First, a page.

Sunday, June 19, 2005

‘'Y GOD!"

(Originally run 12/20/03 on our old site)

Ernest Simpson

Grandpa Bennett told me this story, and I remembered it only recently. I wanted to jot it down before I forgot it again. Values were simple and straightforward in those days, but were made very clear to those who wished to hear the explanation.

One of my Grandpa Bennett’s relatives, I believe it was an uncle, maybe uncle Ben, had a colorful phrase he used often in conversation, the old timer’s called such phrases a “by-word:” sounds like it may have come from “By God!” and comes out, “ ‘y God!”

Each sentence was punctuated with his by-word, Aye God. It was not difficult to be used in a sentence, for example, “‘Aye God, me and Sadie went to town this morning, and it took us prêt near all day.”

“Aye God, I told Cletus not to prop his foot on the log while he was chopping wood, now look at his big toe.”

You get the idea. Anyway, Uncle Ben was a God-fearing man, went to church each time the doors opened, and appreciated the need for spiritual guidance from above. However, the church elders were concerned that his by-word might be interpreted by some as profanity, and talked about it at length, as how to approach the subject with him. His reputation was at stake in the church, and they, of course, did not want any disrespect to befall him because of his language.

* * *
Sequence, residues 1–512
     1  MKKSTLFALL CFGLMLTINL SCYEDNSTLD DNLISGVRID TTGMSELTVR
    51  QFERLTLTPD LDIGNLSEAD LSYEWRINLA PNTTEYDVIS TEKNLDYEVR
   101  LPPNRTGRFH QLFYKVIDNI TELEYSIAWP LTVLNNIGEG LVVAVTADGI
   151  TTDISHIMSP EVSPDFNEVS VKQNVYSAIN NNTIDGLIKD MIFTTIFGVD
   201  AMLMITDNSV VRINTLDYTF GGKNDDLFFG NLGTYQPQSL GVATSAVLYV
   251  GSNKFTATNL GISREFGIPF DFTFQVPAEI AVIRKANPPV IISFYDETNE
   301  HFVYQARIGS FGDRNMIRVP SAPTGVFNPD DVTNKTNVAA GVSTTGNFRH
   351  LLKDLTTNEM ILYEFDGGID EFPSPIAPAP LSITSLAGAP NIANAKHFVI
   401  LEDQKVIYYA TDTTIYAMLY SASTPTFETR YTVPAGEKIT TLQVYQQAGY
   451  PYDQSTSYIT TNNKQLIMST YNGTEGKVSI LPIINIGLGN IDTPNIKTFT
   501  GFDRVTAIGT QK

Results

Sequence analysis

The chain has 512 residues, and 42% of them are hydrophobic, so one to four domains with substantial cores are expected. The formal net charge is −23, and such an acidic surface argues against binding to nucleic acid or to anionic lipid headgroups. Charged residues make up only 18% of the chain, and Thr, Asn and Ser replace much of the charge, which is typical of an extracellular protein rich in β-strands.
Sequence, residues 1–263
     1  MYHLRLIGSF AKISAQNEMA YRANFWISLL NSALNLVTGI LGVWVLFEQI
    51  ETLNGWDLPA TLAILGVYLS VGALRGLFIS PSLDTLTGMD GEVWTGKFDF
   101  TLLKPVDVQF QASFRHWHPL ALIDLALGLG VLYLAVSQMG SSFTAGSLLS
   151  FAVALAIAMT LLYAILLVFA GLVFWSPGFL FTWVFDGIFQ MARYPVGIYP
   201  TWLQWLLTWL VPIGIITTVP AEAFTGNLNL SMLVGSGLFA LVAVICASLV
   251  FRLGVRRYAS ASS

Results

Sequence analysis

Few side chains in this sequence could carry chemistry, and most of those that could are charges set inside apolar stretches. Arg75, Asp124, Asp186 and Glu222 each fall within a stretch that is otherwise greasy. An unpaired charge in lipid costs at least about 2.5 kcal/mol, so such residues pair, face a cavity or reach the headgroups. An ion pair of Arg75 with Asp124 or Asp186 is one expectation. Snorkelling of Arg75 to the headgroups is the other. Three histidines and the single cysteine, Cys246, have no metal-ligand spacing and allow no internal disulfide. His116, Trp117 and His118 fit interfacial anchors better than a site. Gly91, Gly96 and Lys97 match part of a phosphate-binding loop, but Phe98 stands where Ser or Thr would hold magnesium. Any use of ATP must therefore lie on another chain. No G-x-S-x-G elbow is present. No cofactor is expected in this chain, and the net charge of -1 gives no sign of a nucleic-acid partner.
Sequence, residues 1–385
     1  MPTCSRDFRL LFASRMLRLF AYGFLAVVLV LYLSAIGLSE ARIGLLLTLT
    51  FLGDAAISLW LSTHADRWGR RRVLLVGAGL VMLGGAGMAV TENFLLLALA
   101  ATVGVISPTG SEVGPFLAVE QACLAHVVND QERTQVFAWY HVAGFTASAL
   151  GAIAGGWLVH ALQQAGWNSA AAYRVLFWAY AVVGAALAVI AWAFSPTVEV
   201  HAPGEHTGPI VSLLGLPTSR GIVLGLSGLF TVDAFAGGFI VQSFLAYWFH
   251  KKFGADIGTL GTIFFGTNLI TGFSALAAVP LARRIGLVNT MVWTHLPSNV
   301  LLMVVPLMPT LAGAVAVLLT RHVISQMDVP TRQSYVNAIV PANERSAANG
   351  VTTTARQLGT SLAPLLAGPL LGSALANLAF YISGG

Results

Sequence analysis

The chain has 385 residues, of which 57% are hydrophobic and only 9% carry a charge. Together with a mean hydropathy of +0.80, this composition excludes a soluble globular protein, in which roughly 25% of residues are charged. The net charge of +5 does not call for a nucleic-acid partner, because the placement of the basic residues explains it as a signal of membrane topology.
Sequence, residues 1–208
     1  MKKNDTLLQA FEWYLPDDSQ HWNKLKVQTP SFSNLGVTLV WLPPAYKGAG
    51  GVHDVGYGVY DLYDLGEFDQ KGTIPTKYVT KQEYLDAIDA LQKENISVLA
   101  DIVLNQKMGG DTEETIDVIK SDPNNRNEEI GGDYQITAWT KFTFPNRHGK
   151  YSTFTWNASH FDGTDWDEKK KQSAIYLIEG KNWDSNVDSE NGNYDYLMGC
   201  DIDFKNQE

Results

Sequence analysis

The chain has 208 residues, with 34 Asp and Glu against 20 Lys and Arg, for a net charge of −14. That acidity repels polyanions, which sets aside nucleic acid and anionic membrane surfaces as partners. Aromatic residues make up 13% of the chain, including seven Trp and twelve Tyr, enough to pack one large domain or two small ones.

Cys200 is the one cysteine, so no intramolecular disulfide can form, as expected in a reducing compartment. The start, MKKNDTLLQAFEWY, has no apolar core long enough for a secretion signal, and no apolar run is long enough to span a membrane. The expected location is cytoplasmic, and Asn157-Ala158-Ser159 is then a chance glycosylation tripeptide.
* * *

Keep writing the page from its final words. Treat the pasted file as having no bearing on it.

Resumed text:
So, one Sunday afternoon they decided to make a call on him, and went to his house as a group; there were three or four on the committee. He greeted them warmly, glad to see them, but I’m sure he was curious as to why they were there.

“Brother Bennett,” one started, “ we wanted to talk to you about something that has come up. Some members of the church are concerned at your language. They believe your cussing will not do, and we are worried that this will be a bad influence on the young people in the church.“

Uncle Ben was immediately offended, and spoke emphatically to the problem: “Aye God, I don’t cuss, never have, never will.”

“Yes, but some feel you do, and want you to leave it off.”

He repeated, “AYE GOD, I SAID I DON’T CUSS!”

The elders looked at each other, and one said, “ Well, Brother Bennett, I see, and we just wanted to bring it up, in case someone might raise the question.”

He thanked them for coming, they said goodbye, and left.

The subject was never brought up again.


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